Next we took a ferry boat across a Fjord to an island to Ank Oscarsborg. A fortress that was in use until about 2000. We had a wonderful dinner and great conversations about Norway. I really enjoyed the afternoon and evening not only to see the museums but to just “see” Oslo and surrounding area as the bus whizzed around. A quick beer at the hotel saw in midnight. Tuesday was my day to deliver a 90min talk with discussion and a practical workshop. I love days like this which hark back to my time delivering training at University of Leicester and for Jisc as part of the University of Bristol. I feed off the energy of the room and we all get to exchange ideas and challenge everything. I always learn a lot too even as the presenter. For example the majority of the room said they were running at 35%-40% gross profit margin. This makes it hard to be profitable and was a nugget for the day which I used for reference. The group seemed to really enjoy the day and I loved a short session where each person gave a 5min presentation with photos of their retail offer. A good way to see where they come from and the scale of the retail offer. If I had to guess which two areas they really engaged with the most I would say making a roadmap and learning what your museum “touch points” are. A roadmap using trello is a quick and easy way to work with colleagues on delivering incremental benefits. A touch point is any point of contact that any member of the workforce has with a visitor. There was a definite lightbulb moment when the room realised just how many interactions a visitor can have. The point is to surface opportunities to delight a visitor and to show that retail needs to be out in the museum not just in the retail space in order to maximise the opportunity to raise awareness. Follow the visitor. In practice it may be that placing a display in the cafe or a sign in the toilet is a way to become visible to visitor who would normally just skip the retail offer by default.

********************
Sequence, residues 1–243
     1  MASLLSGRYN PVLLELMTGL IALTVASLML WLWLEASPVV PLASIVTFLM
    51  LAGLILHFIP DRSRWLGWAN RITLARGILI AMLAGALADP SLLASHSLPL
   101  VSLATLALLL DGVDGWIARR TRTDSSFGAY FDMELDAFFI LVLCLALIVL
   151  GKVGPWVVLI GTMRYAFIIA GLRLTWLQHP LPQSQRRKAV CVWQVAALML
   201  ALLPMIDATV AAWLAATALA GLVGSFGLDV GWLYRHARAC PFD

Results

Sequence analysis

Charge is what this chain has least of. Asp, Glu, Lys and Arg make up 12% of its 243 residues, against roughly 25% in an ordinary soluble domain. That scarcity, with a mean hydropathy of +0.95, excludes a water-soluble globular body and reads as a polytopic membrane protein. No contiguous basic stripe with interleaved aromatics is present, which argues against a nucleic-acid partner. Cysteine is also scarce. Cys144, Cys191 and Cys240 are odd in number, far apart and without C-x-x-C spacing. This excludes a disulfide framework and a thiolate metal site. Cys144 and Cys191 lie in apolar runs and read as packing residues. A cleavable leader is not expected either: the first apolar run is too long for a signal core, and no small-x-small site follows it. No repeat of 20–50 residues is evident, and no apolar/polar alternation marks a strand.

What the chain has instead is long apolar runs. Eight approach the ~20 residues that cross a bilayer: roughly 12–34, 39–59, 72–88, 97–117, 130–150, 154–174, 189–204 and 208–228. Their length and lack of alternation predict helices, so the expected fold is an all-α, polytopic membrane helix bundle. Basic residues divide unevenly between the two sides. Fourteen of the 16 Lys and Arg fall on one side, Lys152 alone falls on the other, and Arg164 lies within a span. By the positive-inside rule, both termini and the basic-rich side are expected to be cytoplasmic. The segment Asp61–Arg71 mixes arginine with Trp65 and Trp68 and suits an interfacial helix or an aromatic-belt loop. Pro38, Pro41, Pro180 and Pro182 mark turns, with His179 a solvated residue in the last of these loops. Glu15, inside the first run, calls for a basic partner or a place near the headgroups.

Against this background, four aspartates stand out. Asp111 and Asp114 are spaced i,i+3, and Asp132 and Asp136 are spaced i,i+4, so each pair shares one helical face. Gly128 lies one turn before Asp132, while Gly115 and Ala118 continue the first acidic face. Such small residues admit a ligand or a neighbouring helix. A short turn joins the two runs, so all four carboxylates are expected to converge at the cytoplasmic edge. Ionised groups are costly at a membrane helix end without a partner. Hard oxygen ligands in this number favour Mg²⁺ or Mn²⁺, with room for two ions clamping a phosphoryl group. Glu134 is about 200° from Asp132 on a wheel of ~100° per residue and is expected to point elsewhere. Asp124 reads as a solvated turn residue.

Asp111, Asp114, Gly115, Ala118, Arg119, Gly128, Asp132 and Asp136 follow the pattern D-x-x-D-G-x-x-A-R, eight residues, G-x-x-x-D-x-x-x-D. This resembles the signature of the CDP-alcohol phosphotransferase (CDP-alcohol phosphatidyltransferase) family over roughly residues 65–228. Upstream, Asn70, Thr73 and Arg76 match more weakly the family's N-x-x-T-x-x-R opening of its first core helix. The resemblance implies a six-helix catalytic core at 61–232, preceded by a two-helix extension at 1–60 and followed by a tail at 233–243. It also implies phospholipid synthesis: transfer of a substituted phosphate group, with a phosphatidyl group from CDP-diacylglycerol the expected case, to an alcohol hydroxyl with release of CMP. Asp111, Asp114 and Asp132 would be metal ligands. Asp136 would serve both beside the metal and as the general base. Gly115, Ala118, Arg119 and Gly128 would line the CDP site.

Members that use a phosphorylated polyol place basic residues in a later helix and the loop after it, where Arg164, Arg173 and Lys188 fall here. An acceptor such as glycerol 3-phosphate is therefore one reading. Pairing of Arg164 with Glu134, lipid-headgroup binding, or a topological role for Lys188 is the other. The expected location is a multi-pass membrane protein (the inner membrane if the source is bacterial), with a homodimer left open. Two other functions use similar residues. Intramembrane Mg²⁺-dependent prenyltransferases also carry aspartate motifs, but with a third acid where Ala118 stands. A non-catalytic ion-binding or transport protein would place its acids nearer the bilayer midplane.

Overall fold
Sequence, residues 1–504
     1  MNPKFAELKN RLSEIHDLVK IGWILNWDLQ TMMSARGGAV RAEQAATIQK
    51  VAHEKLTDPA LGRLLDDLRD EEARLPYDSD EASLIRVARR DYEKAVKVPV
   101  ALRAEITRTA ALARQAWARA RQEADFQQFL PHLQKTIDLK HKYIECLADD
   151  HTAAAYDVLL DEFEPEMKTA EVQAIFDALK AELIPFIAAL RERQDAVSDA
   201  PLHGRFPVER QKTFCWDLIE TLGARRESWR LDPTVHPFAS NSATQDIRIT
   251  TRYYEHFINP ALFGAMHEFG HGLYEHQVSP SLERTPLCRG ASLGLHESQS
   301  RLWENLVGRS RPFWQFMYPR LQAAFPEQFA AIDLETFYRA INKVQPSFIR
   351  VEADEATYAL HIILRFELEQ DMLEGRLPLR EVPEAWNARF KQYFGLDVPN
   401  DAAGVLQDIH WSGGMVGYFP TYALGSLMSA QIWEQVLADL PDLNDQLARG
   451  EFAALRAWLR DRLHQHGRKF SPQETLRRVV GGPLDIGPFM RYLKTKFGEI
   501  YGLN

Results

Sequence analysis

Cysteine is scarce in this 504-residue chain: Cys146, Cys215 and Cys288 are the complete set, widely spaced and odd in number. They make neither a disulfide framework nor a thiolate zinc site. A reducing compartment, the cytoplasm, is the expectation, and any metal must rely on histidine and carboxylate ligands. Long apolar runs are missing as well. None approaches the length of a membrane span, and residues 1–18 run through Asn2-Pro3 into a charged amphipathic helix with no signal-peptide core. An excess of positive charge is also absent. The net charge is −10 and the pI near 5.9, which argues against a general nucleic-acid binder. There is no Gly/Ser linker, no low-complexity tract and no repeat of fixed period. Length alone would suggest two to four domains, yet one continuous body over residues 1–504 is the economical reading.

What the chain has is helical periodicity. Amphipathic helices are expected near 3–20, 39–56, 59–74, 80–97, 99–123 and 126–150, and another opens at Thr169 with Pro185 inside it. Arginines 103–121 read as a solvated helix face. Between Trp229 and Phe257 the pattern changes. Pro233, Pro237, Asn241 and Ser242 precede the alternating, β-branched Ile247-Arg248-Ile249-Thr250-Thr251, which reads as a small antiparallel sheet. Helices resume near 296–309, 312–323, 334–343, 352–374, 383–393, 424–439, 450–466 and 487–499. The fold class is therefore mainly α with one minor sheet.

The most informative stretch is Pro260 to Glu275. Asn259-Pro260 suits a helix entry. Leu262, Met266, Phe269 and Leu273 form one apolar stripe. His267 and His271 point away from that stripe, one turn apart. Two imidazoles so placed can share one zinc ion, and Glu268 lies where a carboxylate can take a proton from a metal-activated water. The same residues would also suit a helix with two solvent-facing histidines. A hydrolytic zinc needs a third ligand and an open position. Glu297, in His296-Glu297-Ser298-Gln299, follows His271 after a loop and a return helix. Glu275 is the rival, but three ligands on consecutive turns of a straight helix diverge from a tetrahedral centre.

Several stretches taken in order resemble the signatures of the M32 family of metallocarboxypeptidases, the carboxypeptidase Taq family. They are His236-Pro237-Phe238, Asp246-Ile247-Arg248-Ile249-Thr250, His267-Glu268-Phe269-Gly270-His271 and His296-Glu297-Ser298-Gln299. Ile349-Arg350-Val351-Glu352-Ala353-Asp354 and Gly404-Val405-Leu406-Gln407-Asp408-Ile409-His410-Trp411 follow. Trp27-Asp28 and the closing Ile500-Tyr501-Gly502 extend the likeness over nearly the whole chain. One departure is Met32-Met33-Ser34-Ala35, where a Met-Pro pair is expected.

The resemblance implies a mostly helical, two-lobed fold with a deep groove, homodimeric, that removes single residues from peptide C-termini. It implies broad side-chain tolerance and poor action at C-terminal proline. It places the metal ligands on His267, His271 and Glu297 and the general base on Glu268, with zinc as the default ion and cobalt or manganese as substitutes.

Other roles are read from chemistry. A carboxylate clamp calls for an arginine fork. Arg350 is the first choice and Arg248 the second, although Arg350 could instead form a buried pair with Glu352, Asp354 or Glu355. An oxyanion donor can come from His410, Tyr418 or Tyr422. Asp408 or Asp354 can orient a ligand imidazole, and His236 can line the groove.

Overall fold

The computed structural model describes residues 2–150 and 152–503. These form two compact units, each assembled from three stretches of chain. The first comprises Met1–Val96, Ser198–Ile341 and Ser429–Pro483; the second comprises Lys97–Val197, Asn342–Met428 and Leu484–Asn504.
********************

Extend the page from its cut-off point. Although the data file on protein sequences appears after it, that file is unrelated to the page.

After the sessions I headed to the airport with a few of the group. I had a few hours to spare so got to people watch and relax after a long day on my feet. I had a quiet flight back and crawled into bed about 3am.

I would like to thank everyone that I had the privilege of talking to and Norway continues to be a delight. I hope to return for more workshops in the next year.

[Music I listened to: Belly – Immigrant, Edvard Grieg – The Best of Grieg, 6Lack – East Atlanta Love Letter, Travis Scott – Astroworld, Westside Gunn – Supreme Blientele].

Retail: living without a stockroom

In late June 2018 we ripped out our stockroom at Bristol Museum & Art Gallery shop to give us 20% more floorspace for selling during our refit.

Three months on and the decision remains a sound choice and acceptable risk.

When you think of a traditional shop and what is fundamental to success, having somewhere to store products is usually high up the list. Yet i was unconvinced. For various reasons our shop stockroom was full. Upon close inspection I estimated 50% or greater of the stock was very old and has long lost any sellable value. Unsold stock just stuck around. Unsold stock actually costs us money:

  • Stock over 2yrs old is effectively worthless as it’s a sunk cost yet requires regular stock checking
  • The space it occupies has a value and in our case approx 20% of the total footprint of the shop was lost
  • Old stock literally gets in the way which makes quickly finding products difficult when a customer says “Please can you check if you have this product out back?”
  • Restocking products is slower when the back up stock isn’t near the stock on the shop floor
  • Having a high stockholding ties up cash on the shelf which in turn increases the risk
  • Stock checking takes 2-3 times as long as much more products need checking and as it’s out of public view this increases costs because a dedicated member of staff is required as retail assistant cannot leave the floor
  • Opportunity for shrinkage is higher through theft and/or the attitude that there is plenty of stock so less care may be taken – neither were an issue for us but I hear this is a problem for others
  • Piling stock high introduces health and safety risks as ladders and lifting at high become a consideration
  • There is a temptation to over order without any actual margin benefit (in theory if you order in bulk you can negotiate better margins)